Strange & Beautiful
Glass Slipper Entertainment
In an alternate world, an artist like this would rightfully earn the moniker of diva, or at least have a damn good fighting chance at it. Instead, the public is subjected to the likes of Mariah Carey and her banshee wail, passed off as entertainment while a singer like Anny is relegated to some unknown label. Alas, I digress.
This release combines diverse styles of music that I am not really familiar with. In her bio at her Web site, she indicates she was influenced early on by musicals such as Hair, as well as artists like Queen, Elton John, and Sting. Such influences are readily displayed in her music, with the requisite advantages and disadvantages such influences entail. When all the ingredients pull together, she comes off with a ballsy and theatrical sound that indicates her own unique vision. At its worst, some tracks may sound pretentious.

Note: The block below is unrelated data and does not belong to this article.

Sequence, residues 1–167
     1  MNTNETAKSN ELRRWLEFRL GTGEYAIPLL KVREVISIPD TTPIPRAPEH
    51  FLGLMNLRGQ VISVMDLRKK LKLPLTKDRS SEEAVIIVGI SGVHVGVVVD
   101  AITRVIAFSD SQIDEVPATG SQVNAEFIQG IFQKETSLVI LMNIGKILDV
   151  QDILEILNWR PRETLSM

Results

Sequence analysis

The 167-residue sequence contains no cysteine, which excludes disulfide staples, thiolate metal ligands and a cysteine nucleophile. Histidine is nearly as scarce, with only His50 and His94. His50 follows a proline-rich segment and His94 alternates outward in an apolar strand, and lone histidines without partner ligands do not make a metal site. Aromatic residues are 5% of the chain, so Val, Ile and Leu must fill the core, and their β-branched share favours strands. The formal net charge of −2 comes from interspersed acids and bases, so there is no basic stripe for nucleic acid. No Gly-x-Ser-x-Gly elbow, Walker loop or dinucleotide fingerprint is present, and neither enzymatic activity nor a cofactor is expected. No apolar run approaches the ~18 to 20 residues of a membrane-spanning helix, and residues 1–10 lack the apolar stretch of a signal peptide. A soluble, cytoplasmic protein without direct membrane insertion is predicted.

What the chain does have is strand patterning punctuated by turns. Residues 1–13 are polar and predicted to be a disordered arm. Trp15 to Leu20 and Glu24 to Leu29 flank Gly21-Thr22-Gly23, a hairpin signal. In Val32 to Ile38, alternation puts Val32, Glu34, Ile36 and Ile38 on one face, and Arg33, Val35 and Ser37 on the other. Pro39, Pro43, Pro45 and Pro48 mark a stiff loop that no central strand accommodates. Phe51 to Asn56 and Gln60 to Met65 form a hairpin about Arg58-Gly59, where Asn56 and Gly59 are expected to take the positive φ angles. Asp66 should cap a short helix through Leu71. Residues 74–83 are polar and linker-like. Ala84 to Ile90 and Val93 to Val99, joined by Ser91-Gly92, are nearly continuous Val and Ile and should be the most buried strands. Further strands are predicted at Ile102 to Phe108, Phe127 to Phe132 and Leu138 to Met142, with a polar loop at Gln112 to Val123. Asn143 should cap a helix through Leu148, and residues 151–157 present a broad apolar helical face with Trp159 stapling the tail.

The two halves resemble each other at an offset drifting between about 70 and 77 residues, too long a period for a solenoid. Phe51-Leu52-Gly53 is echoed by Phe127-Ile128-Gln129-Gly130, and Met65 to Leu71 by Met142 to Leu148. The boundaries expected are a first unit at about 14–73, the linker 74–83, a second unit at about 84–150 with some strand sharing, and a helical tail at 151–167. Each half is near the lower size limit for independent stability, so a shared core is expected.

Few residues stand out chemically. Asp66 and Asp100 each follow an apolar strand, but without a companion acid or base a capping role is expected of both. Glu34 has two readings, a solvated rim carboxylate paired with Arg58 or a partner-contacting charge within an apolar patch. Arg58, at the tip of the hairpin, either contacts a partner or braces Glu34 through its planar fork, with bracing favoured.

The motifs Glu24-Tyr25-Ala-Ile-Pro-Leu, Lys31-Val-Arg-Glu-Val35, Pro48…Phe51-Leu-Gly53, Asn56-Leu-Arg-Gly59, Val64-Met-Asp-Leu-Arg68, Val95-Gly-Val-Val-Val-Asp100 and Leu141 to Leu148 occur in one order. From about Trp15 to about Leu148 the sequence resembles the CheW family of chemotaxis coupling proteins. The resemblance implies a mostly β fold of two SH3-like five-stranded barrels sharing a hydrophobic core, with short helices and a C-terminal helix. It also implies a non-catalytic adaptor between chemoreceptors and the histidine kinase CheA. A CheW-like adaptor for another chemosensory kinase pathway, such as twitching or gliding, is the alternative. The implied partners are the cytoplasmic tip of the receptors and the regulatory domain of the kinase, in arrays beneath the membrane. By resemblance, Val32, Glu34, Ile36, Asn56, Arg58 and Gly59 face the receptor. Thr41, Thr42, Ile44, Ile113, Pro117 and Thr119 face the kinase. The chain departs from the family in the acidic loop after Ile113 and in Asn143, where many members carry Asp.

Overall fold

The opening track, “White Lipstick Girl,” sets the tone for much of the album. A glossy, upbeat track that is danceable and has a rhythm that is evocative of artists like Sophie B. Hawkins and Sarah MacLachlan. On this and other tracks, we find Anny addressing a diverse range of subject matters. From vibrators and female empowerment (“Purple God”) and race relations (“Love Is Water”) to religious hypocrisy (“Is This What You Died For?”) and love (“Soulmate”), she tackles them all, with varying degrees of success. If you are a fan of some of the artists mentioned previously, in all likelihood you would find something rewarding on this release. While at times she overreaches her grasp lyrically, one has to applaud her singular vision and commitment. Unfortunately, far too few artists share a similar commitment.